Primary schools are being forced to ration vegetables and TSA employees are too “sick” to work airport security without pay– the federal government shutdown is undeniably wreaking havoc on the United States. And the cannabis world is far from immune, either: waterless hemp farmers and non-violent drug offenders stuck in prison are anxiously waiting for Trump’s wall gambit just like the rest of us. But these are yet another group of people suffering the consequences of an incompetent leader.
Trump shut down the government on Dec. 22, 2018. Since then, a number of unproductive talks have occurred between the president and representatives from both major political parties; each jockeying to maintain the support of constituents throughout the unprecedented shuttering of federal services.
On Saturday, Trump offered to extend the Deferred Action for Childhood Arrivals (DACA) Act by three years in exchange for Democrat support in building his $5 billion wall along the US-Mexico border. This attempt by Trump supporters to solicit money from citizens to build the wall fell short—by approximately $4.8 billion.
Hemp Farmers Can’t Cultivate
As politicians politick, the shutdown threatens the livelihoods of thousands. One group affected is the country’s newly legal hemp farmers, who were primed to irrigate their first crop since the US Farm Bill lifted growing restrictions, with federal water.
For some, that availability could make or break their commercial viability. Montana senator Jon Tester and Colorado’s Senator Michael Bennet have raised an alarm about the potential blockage the shutdown can– and will– create if the federal government doesn’t get it together.
In a letter to Brenda Burman, the Bureau of Reclamation commissioner, Tester and Bennet wrote: “For those folks that have access to BOR water we did not want the Bureau of Reclamation to say, ‘Well you can raise hemp but you just can’t use BOR water to irrigate it with.’ That’s not what we wanted. We wanted to have it open so that they can raise the hemp and increase their bottom line.”
Tester commented that farmers currently mapping out their spring crops need assurance now whether or not they will be able to count on access to federal water.
Non-Violent Drug Offenders are Stranded in Prison
Even more serious is the plight of the non-violent drug offenders whose sentences were meant to be reduced by the First Step Act, a rare piece of bi-partisan legislation that’s somehow snuck through during the Trump regime. It promises to reduce the US’ sky-high prison population. The country is currently incarcerating 2.2 million people, giving it the world’s highest rate of imprisonment.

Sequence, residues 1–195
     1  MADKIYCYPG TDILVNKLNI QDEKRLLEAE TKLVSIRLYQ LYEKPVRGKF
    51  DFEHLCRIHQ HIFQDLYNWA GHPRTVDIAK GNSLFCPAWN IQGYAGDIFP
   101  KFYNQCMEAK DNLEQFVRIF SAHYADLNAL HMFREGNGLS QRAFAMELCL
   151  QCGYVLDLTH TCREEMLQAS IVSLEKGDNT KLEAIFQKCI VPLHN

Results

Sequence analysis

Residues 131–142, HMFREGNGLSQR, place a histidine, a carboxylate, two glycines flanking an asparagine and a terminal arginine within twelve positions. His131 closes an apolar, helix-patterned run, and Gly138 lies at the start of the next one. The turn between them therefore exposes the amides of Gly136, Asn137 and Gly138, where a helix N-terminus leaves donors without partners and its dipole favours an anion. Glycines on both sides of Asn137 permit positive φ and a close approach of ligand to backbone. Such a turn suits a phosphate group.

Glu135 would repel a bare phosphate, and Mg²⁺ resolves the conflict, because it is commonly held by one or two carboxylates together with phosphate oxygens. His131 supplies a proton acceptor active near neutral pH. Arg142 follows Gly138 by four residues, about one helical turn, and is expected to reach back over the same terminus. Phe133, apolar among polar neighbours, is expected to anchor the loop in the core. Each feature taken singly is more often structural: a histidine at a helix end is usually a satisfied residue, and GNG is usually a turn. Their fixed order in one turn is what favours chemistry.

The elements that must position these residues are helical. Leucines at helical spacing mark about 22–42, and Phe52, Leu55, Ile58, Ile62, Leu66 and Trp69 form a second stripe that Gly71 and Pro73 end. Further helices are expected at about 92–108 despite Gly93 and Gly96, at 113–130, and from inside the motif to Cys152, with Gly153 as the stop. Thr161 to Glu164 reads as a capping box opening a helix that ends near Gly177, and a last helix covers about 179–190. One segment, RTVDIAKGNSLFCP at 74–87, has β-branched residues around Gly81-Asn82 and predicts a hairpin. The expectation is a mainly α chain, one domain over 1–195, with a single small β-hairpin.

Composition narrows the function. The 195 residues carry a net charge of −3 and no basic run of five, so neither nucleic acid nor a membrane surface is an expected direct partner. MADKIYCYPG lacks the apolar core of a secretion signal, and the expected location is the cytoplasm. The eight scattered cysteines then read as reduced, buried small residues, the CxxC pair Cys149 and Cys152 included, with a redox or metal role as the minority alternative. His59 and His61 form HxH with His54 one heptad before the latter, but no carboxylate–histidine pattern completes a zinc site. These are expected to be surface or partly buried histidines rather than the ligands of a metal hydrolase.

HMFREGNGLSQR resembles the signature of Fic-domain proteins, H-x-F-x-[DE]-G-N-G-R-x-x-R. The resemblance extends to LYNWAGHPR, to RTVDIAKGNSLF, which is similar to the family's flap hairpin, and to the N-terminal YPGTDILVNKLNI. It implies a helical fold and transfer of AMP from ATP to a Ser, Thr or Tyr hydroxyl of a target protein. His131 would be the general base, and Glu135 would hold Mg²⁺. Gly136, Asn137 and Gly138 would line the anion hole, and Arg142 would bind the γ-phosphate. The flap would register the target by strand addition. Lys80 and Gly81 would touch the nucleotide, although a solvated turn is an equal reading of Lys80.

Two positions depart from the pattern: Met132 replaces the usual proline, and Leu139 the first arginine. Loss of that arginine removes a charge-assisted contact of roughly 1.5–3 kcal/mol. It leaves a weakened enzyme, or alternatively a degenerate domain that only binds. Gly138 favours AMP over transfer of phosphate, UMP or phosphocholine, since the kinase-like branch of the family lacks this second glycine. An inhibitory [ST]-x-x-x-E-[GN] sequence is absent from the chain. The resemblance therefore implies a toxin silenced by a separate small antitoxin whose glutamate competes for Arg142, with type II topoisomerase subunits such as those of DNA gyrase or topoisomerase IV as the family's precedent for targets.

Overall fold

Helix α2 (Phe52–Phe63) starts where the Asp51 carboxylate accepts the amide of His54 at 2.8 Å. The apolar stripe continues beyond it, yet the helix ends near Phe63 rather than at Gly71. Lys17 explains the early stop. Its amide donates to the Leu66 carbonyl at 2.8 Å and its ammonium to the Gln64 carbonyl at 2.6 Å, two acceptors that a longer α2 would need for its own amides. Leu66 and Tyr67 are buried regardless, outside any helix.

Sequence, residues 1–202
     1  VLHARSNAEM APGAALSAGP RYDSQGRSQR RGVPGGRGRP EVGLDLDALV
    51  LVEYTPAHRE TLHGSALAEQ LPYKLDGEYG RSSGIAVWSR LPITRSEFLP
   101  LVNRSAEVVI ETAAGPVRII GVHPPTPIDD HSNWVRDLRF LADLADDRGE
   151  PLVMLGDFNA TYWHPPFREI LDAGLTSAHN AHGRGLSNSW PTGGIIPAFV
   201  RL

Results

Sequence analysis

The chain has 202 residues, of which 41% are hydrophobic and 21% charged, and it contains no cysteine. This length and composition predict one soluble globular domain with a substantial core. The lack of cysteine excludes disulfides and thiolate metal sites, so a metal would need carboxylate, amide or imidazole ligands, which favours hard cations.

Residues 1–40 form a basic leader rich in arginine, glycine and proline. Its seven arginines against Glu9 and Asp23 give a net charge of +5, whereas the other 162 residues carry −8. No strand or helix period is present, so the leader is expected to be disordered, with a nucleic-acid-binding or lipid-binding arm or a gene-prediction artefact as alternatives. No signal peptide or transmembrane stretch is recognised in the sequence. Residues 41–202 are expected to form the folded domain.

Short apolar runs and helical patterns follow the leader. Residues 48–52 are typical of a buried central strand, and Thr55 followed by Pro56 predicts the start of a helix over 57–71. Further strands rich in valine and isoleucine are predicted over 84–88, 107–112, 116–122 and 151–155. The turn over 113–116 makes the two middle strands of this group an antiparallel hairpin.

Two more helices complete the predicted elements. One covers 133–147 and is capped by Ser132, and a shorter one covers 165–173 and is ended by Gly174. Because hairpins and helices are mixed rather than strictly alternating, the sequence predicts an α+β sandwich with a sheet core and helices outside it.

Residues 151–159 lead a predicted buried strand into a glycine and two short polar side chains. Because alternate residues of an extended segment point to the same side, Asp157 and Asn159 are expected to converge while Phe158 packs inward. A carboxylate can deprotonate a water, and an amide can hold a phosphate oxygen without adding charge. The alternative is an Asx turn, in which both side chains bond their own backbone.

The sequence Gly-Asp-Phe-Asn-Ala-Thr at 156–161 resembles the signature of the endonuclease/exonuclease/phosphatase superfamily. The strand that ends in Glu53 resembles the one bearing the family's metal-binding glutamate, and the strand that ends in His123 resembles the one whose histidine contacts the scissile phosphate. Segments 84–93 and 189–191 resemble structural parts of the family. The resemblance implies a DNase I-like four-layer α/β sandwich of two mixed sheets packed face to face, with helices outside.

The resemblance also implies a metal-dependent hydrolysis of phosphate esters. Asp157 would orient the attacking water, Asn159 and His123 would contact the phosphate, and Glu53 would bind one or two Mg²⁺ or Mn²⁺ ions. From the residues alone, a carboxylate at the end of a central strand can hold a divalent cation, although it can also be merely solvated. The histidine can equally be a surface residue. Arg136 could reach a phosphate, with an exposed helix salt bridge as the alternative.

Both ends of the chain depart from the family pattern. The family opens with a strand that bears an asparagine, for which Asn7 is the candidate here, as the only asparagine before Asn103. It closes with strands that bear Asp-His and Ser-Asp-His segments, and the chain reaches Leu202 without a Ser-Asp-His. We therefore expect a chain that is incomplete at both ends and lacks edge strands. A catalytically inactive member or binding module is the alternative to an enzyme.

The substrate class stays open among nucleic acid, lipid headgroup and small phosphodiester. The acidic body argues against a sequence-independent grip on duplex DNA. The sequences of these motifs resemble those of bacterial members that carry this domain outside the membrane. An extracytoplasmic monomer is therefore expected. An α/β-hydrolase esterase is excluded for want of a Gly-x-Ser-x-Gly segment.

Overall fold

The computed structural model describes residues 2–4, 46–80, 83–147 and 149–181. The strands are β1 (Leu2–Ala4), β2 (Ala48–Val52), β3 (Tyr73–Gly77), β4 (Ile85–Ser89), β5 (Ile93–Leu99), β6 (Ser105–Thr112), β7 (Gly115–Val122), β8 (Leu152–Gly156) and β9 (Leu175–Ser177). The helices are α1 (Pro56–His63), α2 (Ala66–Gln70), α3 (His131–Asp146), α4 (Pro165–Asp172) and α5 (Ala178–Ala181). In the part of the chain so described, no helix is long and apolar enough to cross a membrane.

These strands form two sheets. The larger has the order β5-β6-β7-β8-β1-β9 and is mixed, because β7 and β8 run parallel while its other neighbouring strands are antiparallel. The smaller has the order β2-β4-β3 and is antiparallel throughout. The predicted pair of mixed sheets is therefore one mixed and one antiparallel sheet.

The First Step Act will increase resources for job training and other programs meant to facilitate reintegration into society for those who have been federally incarcerated. It also thrilled the families of people currently in prison, as it allows for early release programs and the retroactive extension of a 2010 law reducing sentences for crack cocaine. The latter stipulation alone makes approximately 2,660 inmates eligible for release. And some have already made it to freedom.
Less lucky are the inmates whose release depends on other adjustments to existing law. The US Justice Department was tasked to create a committee to navigate the remaining changes by Jan. 21; in particular, by creating a risk assessment tool it’ll use to determine who’s ready to leave prison. Alas, nothing is being done on this front because that committee isn’t working through the government shutdown.
Nonprofit news organization The Marshall Project estimates that upwards of 4,000 prisoners are newly eligible for release under the First Step Act. But without the committee to enact new regulations, many of them must continue to wait in prison.
“The timeline in the bill was already ambitious,” Molly Gill, vice president of policy at Families Against Mandatory Minimums, told the New York Times. “The shutdown isn’t helping.” The paper’s attempts to contact Justice Department representatives for an updated First Step Act timeline were rebuffed.
An important change the bill implements is the way in which early release is calculated for good behavior. Under the First Step Act, well-behaved inmates will get an automatic 54-days knocked off their sentence each year, in contrast to the previous 47-days-per-year.
Those serving time can do the math— and are not impressed the shutdown has extended their time behind bars. “The law passed but they are not making any moves,” Amadi Busiris, who’s at the end of a 30-year stint for conspiracy to distribute drugs, told the New York Times. “We are just stuck.”
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Author: Caitlin Donohue